The morning after Kiowa's death, the platoon searches the area for his body. Lt. Cross watches his men as they search and thinks about the impact of Kiowa's death. Azar makes jokes about the style of Kiowa's death, but Bowker warns him to stop. Mitchell Sanders and Norman Bowker eventually recover Kiowa's rucksack, and they argue over who is responsible for Kiowa's death; Sanders blames Lt. Cross, but Bowker disagrees. Meanwhile, Lt. Cross rehearses a letter he might write to Kiowa's father, but his thoughts wander back to his own culpability because he chose that particular field on which to camp. Lt. Cross wades across the field to a soldier who is shaking and sobbing. The young soldier is sorry because he thinks he may have caused Kiowa's death by accidentally signaling their presence to the enemy by switching on a flashlight. The soldier is searching for a photo of his girlfriend, and Lt. Cross feels pity for him.
Norman Bowker locates the corpse, and Mitchell Sanders warns Azar not to make any more jokes or crude comments. They finally dislodge the body from the muddy bottom of the field and are saddened and relieved, but they also felt a secret joy because they are alive. Azar feels some guilt over his earlier jokes.
Lt. Cross lets himself sink into the mud and floats while he revises the letter to Kiowa's father in his mind. The upset soldier tries to confess his guilt to Lt. Cross, who does not listen, escaping the scene by remembering his life before the war.
This vignette is one of the more depressing in the book, one where O'Brien makes it impossible to think about the Vietnam War as a whole. Instead, he forces us to look at the war person by person. The entire event of searching for Kiowa's body is like a break from the political war — something that men do for their friends rather than for their country. The three centers in the story, Lt. Cross, the young, nameless soldier, and the rest of the troop searching for Kiowa's body each have their own perspective. This vignette is a compilation of their perspectives, not a story with facts and details.
Lt. Cross is laden with guilt, not only as a commander but also as someone who feels personally responsible for Kiowa's death. As a matter of protocol, he is responsible because he ordered the camp to be made, but Cross feels his responsibility and remorse more deeply than his duty dictates. Although O'Brien tells us about how Cross does not desire to command, Cross himself focuses on Kiowa's father and the letter that he must now write. To Cross, Kiowa's death personalizes his fears and his responsibility not just to care for his men, but that he must answer for them to others — like fathers, commanders, and even God.
The men searching for Kiowa's body are themselves upset and terrified. As they wade through a river of excrement, searching for a friend and soldier, they feel respect and awe. Azar's jokes about irony and death bother Bowker because of his feelings about the tragic death of his friend and comrade, but also because of a sharpened awareness of his own mortality. When they uncover the body, Azar himself feels these same forces, but he needed the reality of a corpse to drive it home. Until then, he felt more invincible. But Kiowa's death means that his luck ran out, and luck could run out for any of them at any time.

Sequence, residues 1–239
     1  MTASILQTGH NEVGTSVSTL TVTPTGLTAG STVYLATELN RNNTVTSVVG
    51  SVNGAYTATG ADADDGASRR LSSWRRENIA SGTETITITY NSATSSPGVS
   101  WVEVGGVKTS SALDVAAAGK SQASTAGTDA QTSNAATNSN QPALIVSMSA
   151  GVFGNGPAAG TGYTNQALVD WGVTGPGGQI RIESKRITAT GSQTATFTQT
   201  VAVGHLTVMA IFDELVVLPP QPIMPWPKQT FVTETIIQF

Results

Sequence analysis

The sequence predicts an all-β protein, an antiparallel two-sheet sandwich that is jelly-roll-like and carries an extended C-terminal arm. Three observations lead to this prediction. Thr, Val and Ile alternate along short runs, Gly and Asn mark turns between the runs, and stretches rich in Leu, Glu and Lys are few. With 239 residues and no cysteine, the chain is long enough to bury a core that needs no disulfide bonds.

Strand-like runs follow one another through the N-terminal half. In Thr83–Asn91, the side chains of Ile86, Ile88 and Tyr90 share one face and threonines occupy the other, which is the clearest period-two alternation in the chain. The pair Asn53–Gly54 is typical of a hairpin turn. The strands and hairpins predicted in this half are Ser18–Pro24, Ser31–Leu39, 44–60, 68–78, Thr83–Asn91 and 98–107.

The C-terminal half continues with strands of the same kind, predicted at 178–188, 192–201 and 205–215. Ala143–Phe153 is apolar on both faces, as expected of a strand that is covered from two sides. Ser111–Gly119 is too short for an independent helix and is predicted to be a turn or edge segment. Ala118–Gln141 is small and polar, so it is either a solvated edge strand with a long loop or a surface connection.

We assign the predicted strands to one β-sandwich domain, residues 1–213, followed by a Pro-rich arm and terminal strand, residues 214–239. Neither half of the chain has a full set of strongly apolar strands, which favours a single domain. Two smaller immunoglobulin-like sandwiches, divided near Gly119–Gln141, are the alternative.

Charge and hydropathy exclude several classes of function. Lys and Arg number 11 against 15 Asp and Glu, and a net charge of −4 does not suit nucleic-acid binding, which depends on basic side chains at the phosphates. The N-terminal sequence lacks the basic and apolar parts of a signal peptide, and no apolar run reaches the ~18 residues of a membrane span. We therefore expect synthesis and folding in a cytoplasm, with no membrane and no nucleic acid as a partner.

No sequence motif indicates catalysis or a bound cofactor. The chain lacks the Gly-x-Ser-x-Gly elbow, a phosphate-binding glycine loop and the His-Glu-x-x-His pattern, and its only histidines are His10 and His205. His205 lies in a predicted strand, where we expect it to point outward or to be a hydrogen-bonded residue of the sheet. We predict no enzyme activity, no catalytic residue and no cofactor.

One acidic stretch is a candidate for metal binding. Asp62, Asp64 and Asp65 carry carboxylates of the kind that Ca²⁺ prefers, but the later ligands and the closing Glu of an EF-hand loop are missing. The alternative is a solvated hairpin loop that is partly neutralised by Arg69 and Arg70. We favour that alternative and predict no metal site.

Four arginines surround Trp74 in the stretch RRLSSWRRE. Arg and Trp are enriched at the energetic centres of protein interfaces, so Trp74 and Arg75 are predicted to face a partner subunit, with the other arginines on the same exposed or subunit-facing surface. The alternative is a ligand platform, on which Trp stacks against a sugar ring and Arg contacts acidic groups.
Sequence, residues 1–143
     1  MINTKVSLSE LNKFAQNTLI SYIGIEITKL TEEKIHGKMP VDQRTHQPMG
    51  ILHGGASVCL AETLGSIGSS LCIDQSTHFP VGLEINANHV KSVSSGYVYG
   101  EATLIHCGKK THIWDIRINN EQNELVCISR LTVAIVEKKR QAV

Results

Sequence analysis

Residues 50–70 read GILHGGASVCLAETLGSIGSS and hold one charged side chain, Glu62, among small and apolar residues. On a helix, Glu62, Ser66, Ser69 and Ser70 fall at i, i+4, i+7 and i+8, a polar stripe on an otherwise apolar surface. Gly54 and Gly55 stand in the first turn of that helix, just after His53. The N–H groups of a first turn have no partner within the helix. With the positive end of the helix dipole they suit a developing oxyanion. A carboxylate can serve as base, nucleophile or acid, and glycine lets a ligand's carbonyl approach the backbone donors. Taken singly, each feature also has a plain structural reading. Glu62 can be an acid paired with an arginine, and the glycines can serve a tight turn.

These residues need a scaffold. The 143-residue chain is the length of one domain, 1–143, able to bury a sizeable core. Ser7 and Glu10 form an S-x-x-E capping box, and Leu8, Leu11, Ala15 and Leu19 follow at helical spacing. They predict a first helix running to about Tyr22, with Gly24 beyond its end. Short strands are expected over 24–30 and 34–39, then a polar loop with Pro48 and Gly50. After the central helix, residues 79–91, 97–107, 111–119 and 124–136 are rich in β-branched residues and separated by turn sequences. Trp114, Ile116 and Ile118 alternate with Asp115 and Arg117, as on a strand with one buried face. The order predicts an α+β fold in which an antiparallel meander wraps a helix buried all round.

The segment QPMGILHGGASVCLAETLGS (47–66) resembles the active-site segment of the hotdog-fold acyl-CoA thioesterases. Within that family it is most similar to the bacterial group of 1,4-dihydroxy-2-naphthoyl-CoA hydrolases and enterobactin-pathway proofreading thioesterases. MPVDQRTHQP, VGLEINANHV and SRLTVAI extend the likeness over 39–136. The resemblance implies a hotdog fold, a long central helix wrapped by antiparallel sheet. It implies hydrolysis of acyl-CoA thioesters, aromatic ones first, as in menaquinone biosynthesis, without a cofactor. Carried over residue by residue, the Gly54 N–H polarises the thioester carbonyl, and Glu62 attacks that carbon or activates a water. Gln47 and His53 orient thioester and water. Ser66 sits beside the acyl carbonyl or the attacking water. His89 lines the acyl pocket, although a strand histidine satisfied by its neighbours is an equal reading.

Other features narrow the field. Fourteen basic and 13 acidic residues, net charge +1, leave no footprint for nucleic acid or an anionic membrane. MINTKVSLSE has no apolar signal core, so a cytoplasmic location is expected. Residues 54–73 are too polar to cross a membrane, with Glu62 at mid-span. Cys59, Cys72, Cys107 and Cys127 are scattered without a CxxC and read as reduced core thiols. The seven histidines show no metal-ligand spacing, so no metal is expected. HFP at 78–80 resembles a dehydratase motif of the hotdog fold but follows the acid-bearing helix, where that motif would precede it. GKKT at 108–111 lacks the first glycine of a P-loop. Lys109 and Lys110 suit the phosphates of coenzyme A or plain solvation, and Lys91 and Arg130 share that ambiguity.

O'Brien never suggests that a soldier stayed alive because of skill or prowess, but rather because of his luck. Luck, which seems to be rationed out like food to soldiers, was a man's to use or expend, and Kiowa's had run out. This does not make Kiowa's death less tragic, but more universal. It could happen to any of them. There is no way to measure luck — it is a random element in war that they all depended upon but which none of them could control.
Finally, there is the young soldier who is not named. He has no name because he is no one in particular, just any soldier who could have made a simple mistake and caused his own or someone else's death. He is, of course, filled with guilt and sees Kiowa's death as his personal fault, just as Cross does. They both believe that "when a man died, there had to be blame." In fact, O'Brien shows us that there is no blame because there is no reason. Perhaps the flashlight signaled the enemy as to their position, but the rest of the soldiers know that it was just bad luck. The Viet Cong soldier killed by "O'Brien" was killed because his luck had run out, nothing more than wandering down the wrong path at the wrong time. The nameless soldier does not understand this, and it is so terrifying an idea that he cannot think it. Instead, he searches for the lost picture of a past girlfriend, needing something he knows and trusts. Reality, randomness, luck, and war are too much for both Cross and the boy.
MIA Missing in action. A person in the armed forces who is lost during combat and who cannot be accounted for as a known casualty.
GI Member of the U.S. armed forces; especially an enlisted soldier.
Karl (Heinrich) Marx (1818-1883) German social philosopher and economist. Marx was the founder of modern socialism.